Strike a (Re)pose

Thank you to everyone who attended our holiday party on Friday. And for the many more of you who couldn't make it and who trust us with your life savings, thank you, too! It is a blessing to be of service to you.

We are coming to the end of a most interesting year. January dropped like a rock, beginning this year with the worst two weeks in history. We're likely ending this year with solid, positive gains for the stock markets. Who would have thought that this year would deliver returns well within the average for the market?

Well, I did, and said so in the Periscope I wrote back then, but I digress...

Almost no one predicted Brexit. Few predicted Trump. Almost no one predicted (insert your big worry here).

Madonna might have predicted this year when she wrote her classic pop-rock song, "Vogue":

Look around everywhere you turn is heartache
It's everywhere that you go (look around)

Sounds like the headlines from the nightly news.

This year was both a rock concert and a rockslide. "Strike a pose" is a mantra for a pop-star and the law for rocks and grains of sand. There are lessons in physics class for us investors.

The angle of repose is the angle at which loose materials become stable. This is extremely important for building roads--witness the incredible engineering feet along I-70, at the exit to Colorado's gambling Meccas, Central City and Blackhawk. The angle is just right--the road is stable, almost all the time.

Each boulder that fell is predictably unpredictable. The slide is chaotic--no one knew if, when, or how it would fall. However, the total result of the slide is a predictable, stable shape. The boulders would not fall any farther, except randomly. Here's a fun video that describes how it works, if you have a few minutes.

Chaos drives each boulder randomly down the hill and the laws of inertia stack them up in a more or less orderly fashion.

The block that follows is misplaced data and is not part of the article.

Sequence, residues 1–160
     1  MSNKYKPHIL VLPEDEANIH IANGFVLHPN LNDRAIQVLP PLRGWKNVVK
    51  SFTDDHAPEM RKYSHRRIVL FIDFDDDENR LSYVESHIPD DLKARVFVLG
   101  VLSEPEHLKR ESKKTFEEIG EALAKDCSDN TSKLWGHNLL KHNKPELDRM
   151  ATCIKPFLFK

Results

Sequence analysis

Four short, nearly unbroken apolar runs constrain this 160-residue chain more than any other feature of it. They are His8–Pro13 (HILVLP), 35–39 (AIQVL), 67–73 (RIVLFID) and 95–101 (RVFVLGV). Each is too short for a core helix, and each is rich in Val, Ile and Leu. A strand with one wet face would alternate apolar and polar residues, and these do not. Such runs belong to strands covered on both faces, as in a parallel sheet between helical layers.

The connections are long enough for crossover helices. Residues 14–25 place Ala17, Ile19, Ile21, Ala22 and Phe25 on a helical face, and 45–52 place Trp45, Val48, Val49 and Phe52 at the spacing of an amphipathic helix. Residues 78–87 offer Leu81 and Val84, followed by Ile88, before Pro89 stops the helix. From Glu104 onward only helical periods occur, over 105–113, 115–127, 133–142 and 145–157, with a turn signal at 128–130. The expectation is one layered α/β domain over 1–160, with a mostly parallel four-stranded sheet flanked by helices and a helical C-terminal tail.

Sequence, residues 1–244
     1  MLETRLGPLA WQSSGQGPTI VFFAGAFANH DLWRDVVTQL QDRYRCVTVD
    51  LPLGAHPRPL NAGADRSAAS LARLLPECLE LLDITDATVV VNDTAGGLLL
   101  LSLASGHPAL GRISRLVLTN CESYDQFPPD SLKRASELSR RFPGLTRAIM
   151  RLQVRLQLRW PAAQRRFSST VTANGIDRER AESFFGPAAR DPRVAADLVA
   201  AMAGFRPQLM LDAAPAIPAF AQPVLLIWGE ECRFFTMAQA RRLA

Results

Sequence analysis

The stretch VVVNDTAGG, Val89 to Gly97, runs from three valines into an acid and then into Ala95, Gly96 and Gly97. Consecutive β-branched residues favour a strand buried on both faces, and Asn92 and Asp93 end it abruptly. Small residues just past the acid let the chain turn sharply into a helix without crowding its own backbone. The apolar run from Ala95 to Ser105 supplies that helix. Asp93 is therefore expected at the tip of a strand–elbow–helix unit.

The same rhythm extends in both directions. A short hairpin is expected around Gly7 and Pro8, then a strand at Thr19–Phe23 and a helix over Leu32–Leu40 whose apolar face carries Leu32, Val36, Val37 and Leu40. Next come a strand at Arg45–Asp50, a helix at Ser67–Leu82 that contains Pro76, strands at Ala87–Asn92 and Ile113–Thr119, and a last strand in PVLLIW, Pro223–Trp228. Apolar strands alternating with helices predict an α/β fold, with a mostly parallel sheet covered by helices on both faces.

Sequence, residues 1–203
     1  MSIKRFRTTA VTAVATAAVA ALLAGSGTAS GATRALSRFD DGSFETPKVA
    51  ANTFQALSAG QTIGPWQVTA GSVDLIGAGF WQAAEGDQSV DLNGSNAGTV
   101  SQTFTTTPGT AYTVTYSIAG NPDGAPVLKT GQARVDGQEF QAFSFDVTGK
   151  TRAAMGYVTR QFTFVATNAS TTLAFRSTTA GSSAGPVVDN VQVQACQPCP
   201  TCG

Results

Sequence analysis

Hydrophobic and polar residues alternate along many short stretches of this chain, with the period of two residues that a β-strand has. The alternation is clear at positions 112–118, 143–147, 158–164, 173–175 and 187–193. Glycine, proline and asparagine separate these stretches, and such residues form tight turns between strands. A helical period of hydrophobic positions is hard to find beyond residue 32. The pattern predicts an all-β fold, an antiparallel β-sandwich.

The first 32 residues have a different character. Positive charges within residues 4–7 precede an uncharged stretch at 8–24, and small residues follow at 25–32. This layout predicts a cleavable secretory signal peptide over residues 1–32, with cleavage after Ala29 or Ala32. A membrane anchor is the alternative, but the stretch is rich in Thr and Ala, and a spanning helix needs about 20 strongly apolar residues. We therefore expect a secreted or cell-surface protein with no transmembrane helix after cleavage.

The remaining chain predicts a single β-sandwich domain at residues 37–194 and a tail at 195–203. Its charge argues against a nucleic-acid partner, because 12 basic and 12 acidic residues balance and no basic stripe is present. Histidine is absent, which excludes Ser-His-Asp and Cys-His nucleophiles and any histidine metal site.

Stocks are like that. Each stock is random, but the aggregate may be predictable over long periods of time. At any point in time something will move the markets randomly, but we won't know what it is and, when we think we know, we'll be wrong.

This year, the "sandstorms" may be upwardly volatile. Nothing you watched on television, searched on the internet, or read in the various papers or magazines, prepared you for the populist capitalist uprisings around the world. And, had the experts known about them, they likely would have predicted the results wrong anyway.

Each stock-market-moving-scary event, like a boulder, is predictably unpredictable. The result, however, can be a sand (or boulder) pile delivering, over long periods of time, predictably high average rates of return. And, over any short horizon, complete (sometimes wonderful) chaos.

For more on this in a similar but scholarly and wise vein, e-mail newsletter readers check out Nick Murray's "2016 and the Sandstorms of Volatility." (E-mail margo@assetsandincome.com for a copy of the article.)

Madonna could be a great or horrible investor; I have no idea. But her lyrics give us good advice: We cannot control it, so we've got to "Move to the music...go with the flow!"

See you soon!

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